Doing research for a recent post about country/twist records, I pulled from the bookshelf my copy of Nick Tosches' "The Unsung Heroes of Rock 'n' Roll." A trip to this particular corner of the library also induced me to pick up and flip through "Where Dead Voices Gather," Tosches' 2001 biography of Georgia-born minstrel singer Emmett Miller, where I spied the author's dust-jacket portrait, which can be seen above left. That's Allan Melvin on the right.
Despite having seen Tosches' photo many times before, I was suddenly struck by his close resemblance to the hilarious character actor Allan Melvin, who died about five months ago just shy of his 85th birthday. Melvin was a TV regular for several decades. By the time he landed the role of Sgt. Charley Hacker on Gomer Pyle, USMC, he had already appeared on The Phil Silvers Show (known as Sgt. Bilko in syndication), Route 66, McHale's Navy, The Andy Griffith Show, and The Dick Van Dyke Show to name but a few. His work as the scheming Sgt. Hacker on Gomer Pyle will always be regarded as his finest role, at least in my house. The character of Sgt. Hacker had but one purpose on the show and that was to serve as a foil for Gomer's perpetually beleaguered commanding officer, Sgt. Carter (played by the great Frank Sutton, a gifted comedic actor himself). Here's something you can take to the bank: anytime you see Sgt. Hacker in a given episode, watching it will be time well-spent. Here's a link to a YouTube clip of Allan Melvin in action as Sgt. Hacker.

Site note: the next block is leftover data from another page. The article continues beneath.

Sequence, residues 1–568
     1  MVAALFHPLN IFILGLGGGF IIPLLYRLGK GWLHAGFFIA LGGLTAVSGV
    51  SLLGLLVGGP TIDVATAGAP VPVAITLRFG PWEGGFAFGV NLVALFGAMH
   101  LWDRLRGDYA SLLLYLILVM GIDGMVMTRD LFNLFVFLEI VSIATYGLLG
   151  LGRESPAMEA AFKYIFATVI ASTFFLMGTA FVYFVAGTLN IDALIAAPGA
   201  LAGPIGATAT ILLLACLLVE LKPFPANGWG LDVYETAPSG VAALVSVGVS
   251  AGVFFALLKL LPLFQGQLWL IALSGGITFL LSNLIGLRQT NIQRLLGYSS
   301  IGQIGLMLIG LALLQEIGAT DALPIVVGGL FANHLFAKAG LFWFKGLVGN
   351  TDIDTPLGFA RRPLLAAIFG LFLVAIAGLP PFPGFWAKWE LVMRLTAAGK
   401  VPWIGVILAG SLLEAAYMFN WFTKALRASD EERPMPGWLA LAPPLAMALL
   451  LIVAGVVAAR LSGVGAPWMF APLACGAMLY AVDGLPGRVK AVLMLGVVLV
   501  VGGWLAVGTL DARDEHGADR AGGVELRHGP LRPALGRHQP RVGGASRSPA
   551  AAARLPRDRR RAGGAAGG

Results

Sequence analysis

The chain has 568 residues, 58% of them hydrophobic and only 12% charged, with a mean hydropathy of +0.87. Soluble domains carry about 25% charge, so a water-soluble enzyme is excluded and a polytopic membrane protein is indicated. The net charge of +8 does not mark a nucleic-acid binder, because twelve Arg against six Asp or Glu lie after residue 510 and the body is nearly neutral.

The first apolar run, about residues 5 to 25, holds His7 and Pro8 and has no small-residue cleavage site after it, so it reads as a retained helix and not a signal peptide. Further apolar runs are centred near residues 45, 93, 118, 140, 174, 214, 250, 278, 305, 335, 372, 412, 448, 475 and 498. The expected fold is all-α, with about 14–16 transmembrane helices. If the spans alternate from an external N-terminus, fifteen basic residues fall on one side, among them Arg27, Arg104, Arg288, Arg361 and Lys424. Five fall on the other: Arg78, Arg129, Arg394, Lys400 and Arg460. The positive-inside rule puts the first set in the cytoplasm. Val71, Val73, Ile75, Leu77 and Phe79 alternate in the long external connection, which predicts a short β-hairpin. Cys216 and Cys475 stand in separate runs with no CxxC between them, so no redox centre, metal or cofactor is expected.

After the jump: a plea for author Nick Tosches to be less of a show-off.
I realize that Gomer Pyle fans are not frequently noted for their intellectual prowess. Hell, I freely admit that I'm no exception. Nevertheless, since I've already mentioned Nick Tosches, I will take advantage of this opportunity to whine about his occasional tendency to self-indulgently inflict absolutely unreadable passages on his readers. Please see the paragraph below, taken from page 236 of "Where Dead Voices Gather," and see if you can make heads or tails of it.
The maddening thing is that when he's not making liberal use of such impenetrable prose (chthonic sacrarium??), there is probably not a finer writer anywhere. I just wish an editor somewhere would reign him in a bit from time to time and gently remind him that a writer's job is to communicate, not obfuscate.